As a youth, you had cataracts and were legally blind, up until the age of 18 when you had corrective surgery that repaired or restored your vision. What was it like to be visually impaired for the first 18 years of your life and then suddenly be given the ability to see?
Daniel Ackley: Having a visual impairment was actually a blessing. It was something that I never thought of. Most of the time, 99% of the time, I didn't even think of myself as having an eyesight, disability. But that other 1% definitely entered in whenever others could do certain types of sports or other types of events that I was unable to do.
So, most of the time, the structure of my family life was so wonderful and all the people that I had in my life were so good to me, that it never really dawned on me for a long, long time that I had this eyesight disability. Until, when I was mainstreaming through public schools, I would have to walk up to the chalkboard and scribble down notes being only just a couple of inches away from the chalkboard. Whenever I had to read and put the notebook or paper right up to my nose to be able to see, I had to look around that central cataract in order to see any type of low vision type of images.
It dawned on me at some point in time that I had this eyesight situation. But I never thought that I would be able to correct it or overcome it. But in 1986, a local surgeon, he's awesome - Dr. Thomas Wyman at Illinois Eye Center, he performed dual intra ocular lens implant surgery on both eyes. And so I essentially went from 2200, legal blindness to nearly 2020. And I always told people growing up that the old adage at that point then was true. I once was blind, but now I could see.
And it was wonderful. I was able to see for the first time, all things clearly. I still vividly remember, the first image that still vividly comes to mind was University Street in Peoria and all the marquee signs. So, you’ve seen the Shakey’s Pizza and the Wendy’s, and all those kinds of signs and marquees that most people just assume and take for granted and they always see it, but I never did. And that was the first memory that I can recall. Being able to see those marquee signs and read the letters. And what a wonderful, almost like a York Peppermint Patty type of moment, right? Where it like, wow! It blows your hair back and you’re just so thrilled. And then the rest was history. I was always able to see well after that.
Wow, can you talk about your journey or your experience becoming an artist amidst all that?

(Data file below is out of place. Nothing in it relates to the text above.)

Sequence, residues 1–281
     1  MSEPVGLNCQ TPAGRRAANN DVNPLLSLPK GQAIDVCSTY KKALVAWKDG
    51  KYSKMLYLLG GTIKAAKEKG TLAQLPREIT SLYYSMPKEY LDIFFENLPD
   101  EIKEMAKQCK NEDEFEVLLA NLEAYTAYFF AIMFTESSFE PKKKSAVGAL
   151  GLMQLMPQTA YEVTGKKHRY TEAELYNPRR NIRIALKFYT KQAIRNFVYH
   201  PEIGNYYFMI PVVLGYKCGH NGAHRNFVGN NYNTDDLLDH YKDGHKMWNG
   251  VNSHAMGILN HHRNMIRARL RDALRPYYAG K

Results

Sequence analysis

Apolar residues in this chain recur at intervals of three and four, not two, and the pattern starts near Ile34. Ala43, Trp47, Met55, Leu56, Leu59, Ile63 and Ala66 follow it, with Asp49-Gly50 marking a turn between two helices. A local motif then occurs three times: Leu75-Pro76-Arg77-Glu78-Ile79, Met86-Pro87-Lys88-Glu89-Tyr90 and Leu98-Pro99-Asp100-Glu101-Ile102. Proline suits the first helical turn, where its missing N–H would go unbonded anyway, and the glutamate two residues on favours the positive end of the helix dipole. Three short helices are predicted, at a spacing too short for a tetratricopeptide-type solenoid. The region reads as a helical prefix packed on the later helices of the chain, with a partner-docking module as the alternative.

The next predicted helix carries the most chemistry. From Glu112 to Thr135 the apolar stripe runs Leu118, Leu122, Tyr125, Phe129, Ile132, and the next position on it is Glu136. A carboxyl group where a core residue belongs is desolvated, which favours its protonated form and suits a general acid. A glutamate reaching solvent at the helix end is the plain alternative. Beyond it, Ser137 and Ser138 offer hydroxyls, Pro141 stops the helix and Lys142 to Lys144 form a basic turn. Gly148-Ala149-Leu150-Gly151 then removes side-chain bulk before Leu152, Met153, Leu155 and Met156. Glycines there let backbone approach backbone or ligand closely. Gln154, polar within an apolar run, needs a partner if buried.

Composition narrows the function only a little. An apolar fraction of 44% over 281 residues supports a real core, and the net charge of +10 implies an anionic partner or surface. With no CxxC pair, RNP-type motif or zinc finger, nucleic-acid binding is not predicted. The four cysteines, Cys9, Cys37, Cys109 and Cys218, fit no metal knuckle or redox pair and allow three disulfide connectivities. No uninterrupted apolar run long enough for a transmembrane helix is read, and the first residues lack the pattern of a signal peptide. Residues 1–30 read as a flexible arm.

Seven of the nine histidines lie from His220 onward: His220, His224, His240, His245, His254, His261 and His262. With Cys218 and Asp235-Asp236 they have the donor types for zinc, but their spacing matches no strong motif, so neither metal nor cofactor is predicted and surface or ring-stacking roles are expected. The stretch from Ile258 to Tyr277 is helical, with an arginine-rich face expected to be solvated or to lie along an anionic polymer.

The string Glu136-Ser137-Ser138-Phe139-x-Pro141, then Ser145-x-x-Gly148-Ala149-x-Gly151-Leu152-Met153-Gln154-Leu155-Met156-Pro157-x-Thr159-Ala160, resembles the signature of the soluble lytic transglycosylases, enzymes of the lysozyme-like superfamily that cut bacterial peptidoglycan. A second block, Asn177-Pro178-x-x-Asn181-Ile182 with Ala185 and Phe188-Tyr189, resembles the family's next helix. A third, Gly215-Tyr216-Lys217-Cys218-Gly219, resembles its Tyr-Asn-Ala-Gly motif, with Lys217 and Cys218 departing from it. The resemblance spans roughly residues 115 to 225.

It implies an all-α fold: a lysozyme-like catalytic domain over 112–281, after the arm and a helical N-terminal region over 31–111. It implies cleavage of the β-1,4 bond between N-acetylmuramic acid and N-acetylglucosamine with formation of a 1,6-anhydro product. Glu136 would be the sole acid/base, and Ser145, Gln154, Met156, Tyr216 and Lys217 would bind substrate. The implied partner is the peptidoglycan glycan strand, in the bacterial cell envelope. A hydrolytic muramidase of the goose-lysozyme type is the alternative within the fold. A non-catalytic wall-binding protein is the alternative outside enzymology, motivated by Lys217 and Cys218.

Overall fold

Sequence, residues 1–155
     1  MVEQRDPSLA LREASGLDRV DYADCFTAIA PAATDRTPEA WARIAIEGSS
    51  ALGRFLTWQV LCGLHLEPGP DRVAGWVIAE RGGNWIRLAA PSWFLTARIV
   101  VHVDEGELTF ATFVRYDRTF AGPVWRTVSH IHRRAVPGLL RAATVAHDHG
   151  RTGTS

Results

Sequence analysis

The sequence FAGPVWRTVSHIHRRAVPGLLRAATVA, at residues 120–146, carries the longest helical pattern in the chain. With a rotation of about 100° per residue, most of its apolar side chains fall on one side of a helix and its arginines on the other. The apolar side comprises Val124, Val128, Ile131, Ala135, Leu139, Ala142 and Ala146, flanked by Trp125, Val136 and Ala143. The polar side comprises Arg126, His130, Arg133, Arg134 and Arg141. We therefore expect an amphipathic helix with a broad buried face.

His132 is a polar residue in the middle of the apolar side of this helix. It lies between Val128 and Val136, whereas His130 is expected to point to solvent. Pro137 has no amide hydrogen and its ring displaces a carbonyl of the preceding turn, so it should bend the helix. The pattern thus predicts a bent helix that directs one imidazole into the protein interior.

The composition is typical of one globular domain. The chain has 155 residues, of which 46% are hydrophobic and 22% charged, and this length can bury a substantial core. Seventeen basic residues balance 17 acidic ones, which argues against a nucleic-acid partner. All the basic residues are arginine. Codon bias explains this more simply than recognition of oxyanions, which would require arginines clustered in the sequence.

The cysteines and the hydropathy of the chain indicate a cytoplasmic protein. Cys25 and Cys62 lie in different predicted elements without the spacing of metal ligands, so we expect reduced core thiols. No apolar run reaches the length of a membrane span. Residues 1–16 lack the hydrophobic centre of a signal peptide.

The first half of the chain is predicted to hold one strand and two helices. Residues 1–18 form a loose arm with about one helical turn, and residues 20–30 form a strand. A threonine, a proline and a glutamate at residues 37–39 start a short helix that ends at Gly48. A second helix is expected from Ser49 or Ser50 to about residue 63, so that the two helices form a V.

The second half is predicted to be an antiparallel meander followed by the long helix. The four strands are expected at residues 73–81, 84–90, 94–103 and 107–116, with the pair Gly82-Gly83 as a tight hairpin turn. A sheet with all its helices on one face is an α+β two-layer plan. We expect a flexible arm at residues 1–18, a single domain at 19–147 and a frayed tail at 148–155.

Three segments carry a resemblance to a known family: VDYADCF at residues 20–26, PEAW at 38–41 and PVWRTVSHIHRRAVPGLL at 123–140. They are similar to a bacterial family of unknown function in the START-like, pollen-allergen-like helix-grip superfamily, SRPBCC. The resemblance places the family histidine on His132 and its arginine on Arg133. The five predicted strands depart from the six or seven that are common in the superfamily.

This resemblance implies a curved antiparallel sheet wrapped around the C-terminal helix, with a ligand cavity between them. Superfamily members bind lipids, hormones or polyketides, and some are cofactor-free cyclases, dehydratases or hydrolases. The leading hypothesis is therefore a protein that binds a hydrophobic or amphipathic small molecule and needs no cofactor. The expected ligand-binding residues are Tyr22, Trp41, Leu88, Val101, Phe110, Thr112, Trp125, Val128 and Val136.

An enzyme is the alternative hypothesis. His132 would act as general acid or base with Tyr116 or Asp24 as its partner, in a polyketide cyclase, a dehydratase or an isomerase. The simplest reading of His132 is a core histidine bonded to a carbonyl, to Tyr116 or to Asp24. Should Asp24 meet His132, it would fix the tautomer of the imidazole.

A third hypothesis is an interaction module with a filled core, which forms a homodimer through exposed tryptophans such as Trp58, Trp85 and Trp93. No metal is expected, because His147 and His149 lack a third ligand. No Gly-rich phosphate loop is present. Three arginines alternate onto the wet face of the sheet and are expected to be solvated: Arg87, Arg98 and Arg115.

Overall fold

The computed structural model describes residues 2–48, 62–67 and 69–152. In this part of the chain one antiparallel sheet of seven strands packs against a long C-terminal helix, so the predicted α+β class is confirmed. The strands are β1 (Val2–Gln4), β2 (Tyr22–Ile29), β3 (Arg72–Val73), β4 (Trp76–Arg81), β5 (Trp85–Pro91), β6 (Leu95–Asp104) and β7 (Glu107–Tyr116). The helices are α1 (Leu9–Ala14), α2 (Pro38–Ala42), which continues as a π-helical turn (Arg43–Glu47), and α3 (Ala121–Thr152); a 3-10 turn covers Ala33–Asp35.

Daniel Ackley: I would say my very first editorial cartoon happened in sixth grade when I drew an unflattering drawing and caricature of my sixth-grade health teacher. And I'm very sorry for doing that. I apologized to him profusely. It was at the encouragement of all of my sixth-grade classmates who knew that I could draw. So, I could draw, they knew I could draw, and they asked me to draw. So, I did. And that was just peer pressure, and I succumbed to the peer pressure.
But even though the drawing itself was inappropriate, it was a really good caricature. And he was my first editorial cartoon. Then as I transitioned into high school, I remember having a high school art class to where everybody in class set in a big, long table, and they pass their finished artwork down the table, to the very end to the teacher. And as the artwork was passed down, all of the students would look at each other's artwork and kind of critique it just to give each person a simple little art critique. And there was a really, really talented, the most talented and the best-looking guy in the class. His name was Tony. He was the best artist, and all the girls liked him. And everybody looked up to him because he was awesome. As my artwork went down the table, Tony stopped and looked at it and it was a caricature of Ronald Reagan. That's what I drew back then. And he kind of looked over at me and gave me the thumbs-up signal and kind of, you know, just made that nonverbal face to where he kind of gave me that was really good stuff there.
And so that encouraged me for some reason that I really, really young age that caricature is something that I am good at. I guess I’ve always been cartooning. From a very early age, my brother and his friends were five years older. They would doodle, and I would try and imitate their doodles. So, I’ve always been doodling, and I’ve always been doing these editorial cartoons for some reason. I think it’s just in me.